Visit » Calendar » Virtual Event: Managing Kids’ Screen Time in the Pandemic

Photo of speaker Dr. Jill Walsh
Thursday, November 12, 2020 -
7:00pm to 8:30pm
Speaker: Dr. Jill Walsh, Researcher and Lecturer at Boston University
Virtually via Zoom Webinar
Free; $5 suggested donation appreciated

Although there has always been debate about the opportunities and challenges screen time offers, there was at least a list of best practices that we could use as a guide. Then the pandemic made technology critical for both our children’s academic and social experiences. What do best practices look like now? And how can (or should) we come back from the tech overload of the last seven months? Dr. Walsh will go through the parameters that are worth instituting this school year to help set children up for success navigating in-person and remote learning. Particular focus will be on thinking about quantity vs. quality of tech use and addressing challenges like multitasking and managing digital socializing. While Dr. Walsh will provide a research-based approach, she is also a working mother of two technology-obsessed kids so she will also offer insights into which rules to follow closely and which to worry less about as we navigate this new time. This talk will be relevant for families with children of any age, but a particular focus will be on Pre-K through middle school.

Jill Walsh, Ph.D., is a researcher and lecturer at Boston University. She obtained a doctorate in Sociology from Boston University in 2014, and earlier earned a master’s in Public Policy from Brown University and a B.A. from Harvard University. Prior to completing her graduate coursework, she taught, coached, and mentored high school students at the Noble and Greenough School for five years. Her recent work examines the way social media, and the need to document the self online, has altered the paths to adolescent development. Her dissertation, entitled The Highlight Reel and Real Me: How Adolescents Construct the Facebook Fable, is a multi-method study arguing that Facebook has become a public space where adolescents engage in self-reflection and dialogue. This work has been developed into a book, Adolescence and Their Social Media Narratives: A Digital Coming of Age. She currently teaches undergraduate and graduate-level courses on the intersection between society and technology, with an emphasis on the millennial generation.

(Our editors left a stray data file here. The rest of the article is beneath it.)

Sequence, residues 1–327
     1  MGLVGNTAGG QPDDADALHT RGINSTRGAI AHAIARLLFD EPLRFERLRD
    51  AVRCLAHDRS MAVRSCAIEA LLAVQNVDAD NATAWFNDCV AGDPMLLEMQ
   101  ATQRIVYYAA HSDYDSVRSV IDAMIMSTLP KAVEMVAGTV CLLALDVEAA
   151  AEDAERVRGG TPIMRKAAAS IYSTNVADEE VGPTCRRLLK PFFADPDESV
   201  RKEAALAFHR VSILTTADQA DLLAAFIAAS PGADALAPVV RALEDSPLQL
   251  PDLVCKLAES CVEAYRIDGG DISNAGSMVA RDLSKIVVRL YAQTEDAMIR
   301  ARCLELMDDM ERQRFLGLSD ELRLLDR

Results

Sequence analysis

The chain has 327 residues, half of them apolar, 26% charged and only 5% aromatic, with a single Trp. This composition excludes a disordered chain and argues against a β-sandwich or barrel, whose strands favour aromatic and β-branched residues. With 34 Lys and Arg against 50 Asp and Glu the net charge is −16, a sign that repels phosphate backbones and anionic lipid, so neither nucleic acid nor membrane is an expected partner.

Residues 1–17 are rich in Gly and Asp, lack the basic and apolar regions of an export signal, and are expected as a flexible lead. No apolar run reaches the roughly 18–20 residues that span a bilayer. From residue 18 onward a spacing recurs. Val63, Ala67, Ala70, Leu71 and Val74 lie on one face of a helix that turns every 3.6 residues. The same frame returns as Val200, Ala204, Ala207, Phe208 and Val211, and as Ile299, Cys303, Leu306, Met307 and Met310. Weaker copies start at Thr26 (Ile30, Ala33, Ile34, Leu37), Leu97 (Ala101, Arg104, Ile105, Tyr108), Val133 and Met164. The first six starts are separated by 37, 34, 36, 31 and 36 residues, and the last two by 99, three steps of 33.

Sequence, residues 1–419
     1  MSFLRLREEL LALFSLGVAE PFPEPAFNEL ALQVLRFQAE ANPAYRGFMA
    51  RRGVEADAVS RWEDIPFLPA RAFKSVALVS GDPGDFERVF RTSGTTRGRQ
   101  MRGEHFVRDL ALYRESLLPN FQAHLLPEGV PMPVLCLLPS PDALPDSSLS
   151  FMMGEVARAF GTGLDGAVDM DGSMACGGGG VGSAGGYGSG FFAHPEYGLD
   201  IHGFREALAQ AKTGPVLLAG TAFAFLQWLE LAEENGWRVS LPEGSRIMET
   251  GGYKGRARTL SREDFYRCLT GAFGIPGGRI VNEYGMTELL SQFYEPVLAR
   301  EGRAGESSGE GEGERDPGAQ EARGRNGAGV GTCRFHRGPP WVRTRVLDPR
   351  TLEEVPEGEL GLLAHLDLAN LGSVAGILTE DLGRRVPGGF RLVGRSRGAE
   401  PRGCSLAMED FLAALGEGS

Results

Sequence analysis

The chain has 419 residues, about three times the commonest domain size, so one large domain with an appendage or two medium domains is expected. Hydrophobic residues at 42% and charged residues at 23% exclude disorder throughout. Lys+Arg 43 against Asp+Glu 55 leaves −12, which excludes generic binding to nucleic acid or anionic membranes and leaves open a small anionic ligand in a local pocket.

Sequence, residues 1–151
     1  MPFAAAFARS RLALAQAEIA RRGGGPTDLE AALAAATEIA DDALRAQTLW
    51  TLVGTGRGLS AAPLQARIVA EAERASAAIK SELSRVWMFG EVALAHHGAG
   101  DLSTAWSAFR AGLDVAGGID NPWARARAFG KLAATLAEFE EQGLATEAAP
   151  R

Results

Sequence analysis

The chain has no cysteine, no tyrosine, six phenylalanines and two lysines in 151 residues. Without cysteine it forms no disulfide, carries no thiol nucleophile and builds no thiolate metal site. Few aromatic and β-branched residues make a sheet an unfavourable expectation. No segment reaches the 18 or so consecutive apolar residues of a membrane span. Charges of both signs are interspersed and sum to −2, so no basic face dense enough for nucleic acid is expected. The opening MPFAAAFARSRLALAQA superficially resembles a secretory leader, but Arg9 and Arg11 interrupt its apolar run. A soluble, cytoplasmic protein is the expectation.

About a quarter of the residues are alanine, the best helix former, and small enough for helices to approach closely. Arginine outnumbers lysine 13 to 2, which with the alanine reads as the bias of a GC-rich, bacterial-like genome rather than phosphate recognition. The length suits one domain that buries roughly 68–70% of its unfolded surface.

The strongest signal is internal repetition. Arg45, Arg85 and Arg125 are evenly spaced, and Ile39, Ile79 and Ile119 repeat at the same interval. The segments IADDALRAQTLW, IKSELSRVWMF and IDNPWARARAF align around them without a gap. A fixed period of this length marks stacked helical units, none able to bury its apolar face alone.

Visit for more information about her work and to purchase her book, Adolescents and Their Social Media Narratives: A Digital Coming of Age.

Please note that this presentation will NOT be recorded.